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31 Dec 2013: Atlantic Ocean Zooplankton
Are Now Reproducing in Arctic Waters

For the first time, scientists have discovered species of Atlantic Ocean zooplankton reproducing in Arctic waters. German researchers say the discovery indicates a possible shift in the Arctic zooplankton community as
amphipod
The amphipod Themisto compressa
the region warms, one that could be detrimental to Arctic birds, fish, and marine mammals. Studying traps that have been suspended for 13 years in the Fram Strait, scientists from the Alfred Wegener Institute found that small species of crustaceans common to the Atlantic are increasingly moving into Arctic waters. The researchers found fertile females as well as individuals at all stages of development, showing that the Atlantic species is reproducing in the frigid waters. The one-centimeter amphipods are smaller than respective Arctic species, meaning that the spread of the Atlantic crustaceans northward could reduce the volume of food available to Arctic predators. The research was published in the journal Marine Ecology Progress Series.
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26 Dec 2013: Solar Activity Not a Major
Factor in Climate Change, Study Finds

Solar activity has had minimal impact on climate over the past millennium, new research from the United Kingdom indicates. The findings counter the long-held view that periodic fluctuations in the sun's energy output have led to lengthy periods of warm or cold weather in the past. Looking at climate records from the Northern Hemisphere over the past 1,000 years, the scientists found that greenhouse gases have been the primary drivers of climate change since about 1900. Volcanic activity, which adds particles to the atmosphere that block sunlight, dominated climate patterns until roughly 1800, the study found. "Until now, the influence of the sun on past climate has been poorly understood," said Andrew Schurer of the University of Edinburgh and lead author of the study, which was published in Nature Geoscience. "We hope that our new discoveries will help improve our understanding of how temperatures have changed over the past few centuries, and improve predictions for how they might develop in future."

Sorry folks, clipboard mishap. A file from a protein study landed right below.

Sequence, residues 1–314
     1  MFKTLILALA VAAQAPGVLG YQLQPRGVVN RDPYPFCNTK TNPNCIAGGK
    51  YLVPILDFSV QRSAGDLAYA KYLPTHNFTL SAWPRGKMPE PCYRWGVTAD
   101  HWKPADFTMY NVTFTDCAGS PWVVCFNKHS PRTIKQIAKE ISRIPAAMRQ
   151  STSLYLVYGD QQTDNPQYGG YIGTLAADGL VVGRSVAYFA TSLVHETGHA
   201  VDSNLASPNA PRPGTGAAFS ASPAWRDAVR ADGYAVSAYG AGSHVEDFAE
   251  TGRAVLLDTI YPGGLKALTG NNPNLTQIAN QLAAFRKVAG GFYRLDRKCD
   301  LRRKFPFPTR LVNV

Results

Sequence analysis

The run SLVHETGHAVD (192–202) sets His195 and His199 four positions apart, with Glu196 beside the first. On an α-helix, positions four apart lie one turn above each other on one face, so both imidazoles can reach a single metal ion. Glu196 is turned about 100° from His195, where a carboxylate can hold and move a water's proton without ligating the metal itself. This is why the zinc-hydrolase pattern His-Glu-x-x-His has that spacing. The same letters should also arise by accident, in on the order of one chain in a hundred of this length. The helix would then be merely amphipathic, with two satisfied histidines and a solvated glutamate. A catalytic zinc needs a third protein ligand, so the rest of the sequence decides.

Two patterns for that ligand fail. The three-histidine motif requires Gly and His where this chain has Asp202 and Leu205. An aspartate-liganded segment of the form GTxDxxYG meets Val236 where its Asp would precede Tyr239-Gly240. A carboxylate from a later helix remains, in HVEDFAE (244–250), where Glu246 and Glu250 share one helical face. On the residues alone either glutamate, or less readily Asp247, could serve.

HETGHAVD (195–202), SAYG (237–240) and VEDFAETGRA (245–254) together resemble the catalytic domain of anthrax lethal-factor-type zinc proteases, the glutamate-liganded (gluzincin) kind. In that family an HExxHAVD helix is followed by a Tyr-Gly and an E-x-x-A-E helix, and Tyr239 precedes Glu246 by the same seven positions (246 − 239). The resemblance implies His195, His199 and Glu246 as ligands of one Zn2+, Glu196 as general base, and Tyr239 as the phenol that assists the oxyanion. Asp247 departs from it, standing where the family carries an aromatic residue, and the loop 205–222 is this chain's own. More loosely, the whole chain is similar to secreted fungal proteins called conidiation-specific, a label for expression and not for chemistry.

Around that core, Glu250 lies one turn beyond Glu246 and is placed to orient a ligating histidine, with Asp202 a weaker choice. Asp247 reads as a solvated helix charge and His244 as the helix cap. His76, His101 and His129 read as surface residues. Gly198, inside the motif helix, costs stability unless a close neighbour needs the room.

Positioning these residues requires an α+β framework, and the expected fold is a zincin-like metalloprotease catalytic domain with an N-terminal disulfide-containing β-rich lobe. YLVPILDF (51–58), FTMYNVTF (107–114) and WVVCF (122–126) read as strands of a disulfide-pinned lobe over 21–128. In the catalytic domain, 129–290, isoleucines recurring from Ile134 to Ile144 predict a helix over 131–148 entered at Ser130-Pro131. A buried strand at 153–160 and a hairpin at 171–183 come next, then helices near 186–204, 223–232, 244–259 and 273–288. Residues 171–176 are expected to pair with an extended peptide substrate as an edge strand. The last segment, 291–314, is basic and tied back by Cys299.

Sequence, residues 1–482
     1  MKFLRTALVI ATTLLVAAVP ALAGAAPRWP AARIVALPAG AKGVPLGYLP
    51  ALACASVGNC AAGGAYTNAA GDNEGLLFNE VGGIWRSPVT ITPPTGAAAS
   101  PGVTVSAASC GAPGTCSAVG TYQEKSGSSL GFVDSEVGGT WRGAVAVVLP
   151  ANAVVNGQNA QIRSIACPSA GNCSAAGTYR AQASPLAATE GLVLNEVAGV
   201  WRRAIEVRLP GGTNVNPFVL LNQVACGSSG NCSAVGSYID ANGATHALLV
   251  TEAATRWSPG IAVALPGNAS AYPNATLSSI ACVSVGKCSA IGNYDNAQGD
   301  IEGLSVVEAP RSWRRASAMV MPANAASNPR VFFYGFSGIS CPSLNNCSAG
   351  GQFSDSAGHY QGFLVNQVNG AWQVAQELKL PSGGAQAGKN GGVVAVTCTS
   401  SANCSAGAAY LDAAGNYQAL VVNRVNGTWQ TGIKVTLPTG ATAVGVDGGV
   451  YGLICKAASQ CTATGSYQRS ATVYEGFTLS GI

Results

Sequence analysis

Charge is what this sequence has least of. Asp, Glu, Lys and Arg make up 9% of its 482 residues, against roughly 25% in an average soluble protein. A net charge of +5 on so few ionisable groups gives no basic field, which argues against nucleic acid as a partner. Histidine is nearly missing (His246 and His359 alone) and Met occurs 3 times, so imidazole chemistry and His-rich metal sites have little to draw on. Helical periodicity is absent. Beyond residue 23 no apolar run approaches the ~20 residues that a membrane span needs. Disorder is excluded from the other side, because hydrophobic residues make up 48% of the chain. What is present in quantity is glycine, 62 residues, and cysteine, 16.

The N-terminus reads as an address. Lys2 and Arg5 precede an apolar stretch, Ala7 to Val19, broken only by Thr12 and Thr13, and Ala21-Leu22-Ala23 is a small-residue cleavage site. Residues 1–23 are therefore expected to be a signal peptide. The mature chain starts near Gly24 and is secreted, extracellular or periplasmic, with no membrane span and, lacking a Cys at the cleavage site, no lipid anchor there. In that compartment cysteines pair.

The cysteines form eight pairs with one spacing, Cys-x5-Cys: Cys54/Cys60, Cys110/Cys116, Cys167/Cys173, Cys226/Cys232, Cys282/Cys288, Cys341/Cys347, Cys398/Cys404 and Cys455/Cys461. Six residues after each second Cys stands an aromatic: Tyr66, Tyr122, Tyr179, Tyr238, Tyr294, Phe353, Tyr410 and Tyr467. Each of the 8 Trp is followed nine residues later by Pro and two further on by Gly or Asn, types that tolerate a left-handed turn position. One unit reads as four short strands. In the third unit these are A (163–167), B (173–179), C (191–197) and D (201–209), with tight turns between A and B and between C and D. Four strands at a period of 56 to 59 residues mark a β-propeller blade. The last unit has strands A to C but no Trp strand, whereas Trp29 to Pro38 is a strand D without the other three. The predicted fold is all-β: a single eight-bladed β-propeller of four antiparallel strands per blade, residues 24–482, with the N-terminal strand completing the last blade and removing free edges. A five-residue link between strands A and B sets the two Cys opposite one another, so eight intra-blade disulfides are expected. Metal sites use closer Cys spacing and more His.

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19 Dec 2013: Los Angeles Becomes First
Major U.S. City to Adopt Cool Roof Rule

The Los Angeles City Council has voted unanimously to require "cool roofs" for all new and refurbished homes, becoming the first major U.S. city to do so. "Cool roofs" incorporate light- and heat-reflecting building materials, which can lower the surface temperature of the roof by up to 50 degrees F on a hot day, according to Climate Resolve, the local organization that pushed for the ordinance. Such roofs do not necessarily need to be white, the Global Cool Cities Alliance says; they can also be shades of gray, or even red. Research suggests that by mid-century temperatures in Los Angeles will increase by 3.7 to 5.4 degrees F, with the number of days above 95 degrees F tripling in the city's downtown. "The changes our region will face are significant, and we will have to adapt," said UCLA scientist Alex Hall, who led the research. The mandate will not cost homeowners additional money because of expanded incentives.
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Photo Essay: Documenting the Swift
Change Wrought by Global Warming


Documenting global warming photo essay
Peter Essick

For 25 years, photographer Peter Essick has traveled the world for National Geographic magazine, with many of his recent assignments focusing on the causes and consequences of climate change. In a Yale Environment 360 photo essay, we present a gallery of images he took while on assignment in Antarctica, Greenland, and other far-flung locales affected by climate change.
View the photo gallery.
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17 Dec 2013: Australian Coal Projects
Threatened by Drop in Demand From China